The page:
Good morning to everyone. Many thanks for the kind birthday wishes directed at my lovely daughter. I'm sure she'll expect more of them on the actual date (She's a Valentine's baby, and not the least bit spoiled.)
I'll pass along some Justin Duchscherer quotes later today. You remember him, right? Veteran free-agent pitcher. Sort of a big deal until last night.
Looking at some of Vladimir Guerrero's numbers, I'm just blown away by his consistency over 15 major league seasons. He's belted 436 career homers, but he's so much more than a thumper. He's a career .320 hitter who's finished below .300 only once since 1996, when he batted .295 with the Angels over 100 games in 2009.
Guerrero is a career .325 hitter with a .994 OPS against left-handed pitching, and a .318 hitter with a .930 OPS vs. right-handers. And check out these stats:
April: .321 average, .945 OPS
May: 304 average, .903 OPS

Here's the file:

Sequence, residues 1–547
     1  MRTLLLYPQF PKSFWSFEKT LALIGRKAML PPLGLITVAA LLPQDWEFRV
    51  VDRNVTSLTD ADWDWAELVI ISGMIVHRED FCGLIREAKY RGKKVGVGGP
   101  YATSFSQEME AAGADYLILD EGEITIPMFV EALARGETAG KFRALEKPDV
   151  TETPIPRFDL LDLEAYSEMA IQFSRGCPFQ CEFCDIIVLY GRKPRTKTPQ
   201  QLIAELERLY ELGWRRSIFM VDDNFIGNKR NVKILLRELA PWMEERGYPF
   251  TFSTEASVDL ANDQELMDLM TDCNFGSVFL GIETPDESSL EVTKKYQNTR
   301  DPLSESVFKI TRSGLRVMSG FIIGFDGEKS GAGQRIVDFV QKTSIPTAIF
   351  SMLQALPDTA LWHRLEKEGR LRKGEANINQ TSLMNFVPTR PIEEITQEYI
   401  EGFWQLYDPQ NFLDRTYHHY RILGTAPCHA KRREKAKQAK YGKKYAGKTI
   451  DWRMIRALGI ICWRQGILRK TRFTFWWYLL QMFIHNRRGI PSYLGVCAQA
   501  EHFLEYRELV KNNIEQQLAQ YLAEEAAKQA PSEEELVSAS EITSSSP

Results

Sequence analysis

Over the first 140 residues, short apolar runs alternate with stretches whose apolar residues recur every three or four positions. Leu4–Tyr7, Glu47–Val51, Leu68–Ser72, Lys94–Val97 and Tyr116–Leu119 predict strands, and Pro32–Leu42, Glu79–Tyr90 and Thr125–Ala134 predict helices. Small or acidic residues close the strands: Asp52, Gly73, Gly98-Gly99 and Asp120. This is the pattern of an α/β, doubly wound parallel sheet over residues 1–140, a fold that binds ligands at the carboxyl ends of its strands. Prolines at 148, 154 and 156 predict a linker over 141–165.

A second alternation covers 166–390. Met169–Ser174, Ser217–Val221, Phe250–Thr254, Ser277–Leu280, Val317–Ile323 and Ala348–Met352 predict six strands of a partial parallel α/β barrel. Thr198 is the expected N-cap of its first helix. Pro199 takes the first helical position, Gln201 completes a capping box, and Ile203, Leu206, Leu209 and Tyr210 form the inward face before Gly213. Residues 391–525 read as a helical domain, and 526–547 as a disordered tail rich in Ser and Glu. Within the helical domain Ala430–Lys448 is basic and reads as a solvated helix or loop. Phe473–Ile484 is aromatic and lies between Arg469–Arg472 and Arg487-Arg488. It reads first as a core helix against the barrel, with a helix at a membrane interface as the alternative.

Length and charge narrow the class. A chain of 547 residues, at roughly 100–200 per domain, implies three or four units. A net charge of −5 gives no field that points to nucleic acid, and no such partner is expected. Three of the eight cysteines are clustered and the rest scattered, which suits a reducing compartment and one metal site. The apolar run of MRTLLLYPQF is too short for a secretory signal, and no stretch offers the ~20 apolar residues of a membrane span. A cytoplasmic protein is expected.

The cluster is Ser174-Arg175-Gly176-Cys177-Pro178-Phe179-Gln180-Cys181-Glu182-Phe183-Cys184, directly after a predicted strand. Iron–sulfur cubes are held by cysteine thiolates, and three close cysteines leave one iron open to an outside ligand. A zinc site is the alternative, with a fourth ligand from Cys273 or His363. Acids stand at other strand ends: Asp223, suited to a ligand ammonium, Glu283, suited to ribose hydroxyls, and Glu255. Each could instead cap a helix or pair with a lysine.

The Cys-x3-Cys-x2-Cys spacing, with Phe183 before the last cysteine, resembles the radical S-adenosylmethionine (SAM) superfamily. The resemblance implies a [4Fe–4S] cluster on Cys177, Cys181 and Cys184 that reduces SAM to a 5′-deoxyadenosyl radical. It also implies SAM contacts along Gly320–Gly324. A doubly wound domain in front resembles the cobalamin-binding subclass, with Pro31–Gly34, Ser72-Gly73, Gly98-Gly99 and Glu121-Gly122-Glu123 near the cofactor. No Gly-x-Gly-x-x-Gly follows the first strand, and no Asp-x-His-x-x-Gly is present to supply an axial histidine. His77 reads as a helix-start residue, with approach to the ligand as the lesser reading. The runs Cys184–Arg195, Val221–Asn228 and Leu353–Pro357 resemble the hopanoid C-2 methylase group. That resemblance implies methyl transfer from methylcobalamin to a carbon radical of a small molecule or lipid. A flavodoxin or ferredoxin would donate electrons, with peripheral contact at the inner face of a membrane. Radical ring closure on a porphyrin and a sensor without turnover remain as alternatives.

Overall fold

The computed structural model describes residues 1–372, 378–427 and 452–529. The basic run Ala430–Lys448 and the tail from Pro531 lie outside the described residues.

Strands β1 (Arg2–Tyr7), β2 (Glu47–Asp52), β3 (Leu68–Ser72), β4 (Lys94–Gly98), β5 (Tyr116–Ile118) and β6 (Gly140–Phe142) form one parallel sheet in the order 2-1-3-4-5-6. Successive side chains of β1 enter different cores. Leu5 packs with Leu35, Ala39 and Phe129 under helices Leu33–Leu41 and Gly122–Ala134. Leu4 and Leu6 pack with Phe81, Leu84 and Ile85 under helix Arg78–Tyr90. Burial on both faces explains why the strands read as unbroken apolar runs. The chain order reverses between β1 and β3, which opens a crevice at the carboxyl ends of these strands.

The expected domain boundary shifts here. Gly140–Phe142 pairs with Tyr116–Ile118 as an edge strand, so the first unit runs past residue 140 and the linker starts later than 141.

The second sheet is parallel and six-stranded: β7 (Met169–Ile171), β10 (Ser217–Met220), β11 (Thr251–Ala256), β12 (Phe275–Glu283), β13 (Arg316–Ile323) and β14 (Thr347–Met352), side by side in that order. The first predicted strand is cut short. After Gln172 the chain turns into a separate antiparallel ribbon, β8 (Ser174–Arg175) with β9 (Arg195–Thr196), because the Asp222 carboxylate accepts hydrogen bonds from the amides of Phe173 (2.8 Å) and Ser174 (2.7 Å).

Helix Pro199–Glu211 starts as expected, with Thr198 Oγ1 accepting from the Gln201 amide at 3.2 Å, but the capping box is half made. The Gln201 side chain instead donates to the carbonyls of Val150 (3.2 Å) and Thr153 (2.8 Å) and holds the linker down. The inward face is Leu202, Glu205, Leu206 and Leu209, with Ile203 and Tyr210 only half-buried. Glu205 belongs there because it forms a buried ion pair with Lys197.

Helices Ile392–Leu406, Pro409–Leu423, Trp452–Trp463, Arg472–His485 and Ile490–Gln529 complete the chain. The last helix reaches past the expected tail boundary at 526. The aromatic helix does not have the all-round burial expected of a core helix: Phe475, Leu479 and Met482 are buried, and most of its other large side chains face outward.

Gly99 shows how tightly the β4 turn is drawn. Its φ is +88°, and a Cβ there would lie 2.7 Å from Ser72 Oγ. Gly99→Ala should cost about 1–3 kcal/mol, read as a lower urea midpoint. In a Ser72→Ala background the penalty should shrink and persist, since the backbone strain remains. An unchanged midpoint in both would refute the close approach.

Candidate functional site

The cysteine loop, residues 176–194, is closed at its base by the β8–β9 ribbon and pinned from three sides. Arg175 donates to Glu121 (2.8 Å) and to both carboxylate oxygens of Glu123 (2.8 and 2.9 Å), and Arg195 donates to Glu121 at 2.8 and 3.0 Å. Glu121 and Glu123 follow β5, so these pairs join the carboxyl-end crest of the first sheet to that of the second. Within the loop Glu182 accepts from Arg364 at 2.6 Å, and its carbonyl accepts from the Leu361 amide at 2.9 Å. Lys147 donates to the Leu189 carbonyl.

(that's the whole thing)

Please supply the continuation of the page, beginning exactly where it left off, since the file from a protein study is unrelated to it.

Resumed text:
June: .334 average, .964 OPS
July: .306 average, .906 OPS
August: .327 average, .993 OPS
September: .325 average, .953 OPS
October: .300 average, .987 OPS
Guerrero is a .319 hitter with a .931 OPS before the All-Star break, and a .321 hitter with a .963 OPS in the second half. He's also a career .333 hitter with a 1.011 OPS at Camden Yards, with nine homers and 30 RBIs in 126 at-bats.
Guerrero is a lifetime .333 hitter with 24 homers, 78 RBIs and a 1.034 OPS against the Orioles.
Now he's on their side.
Andy Pettitte retired. Vernon Wells left the division. Roy Halladay remains in the National League.
Maybe this is how you reverse a losing culture. It's certainly a turn in the right direction.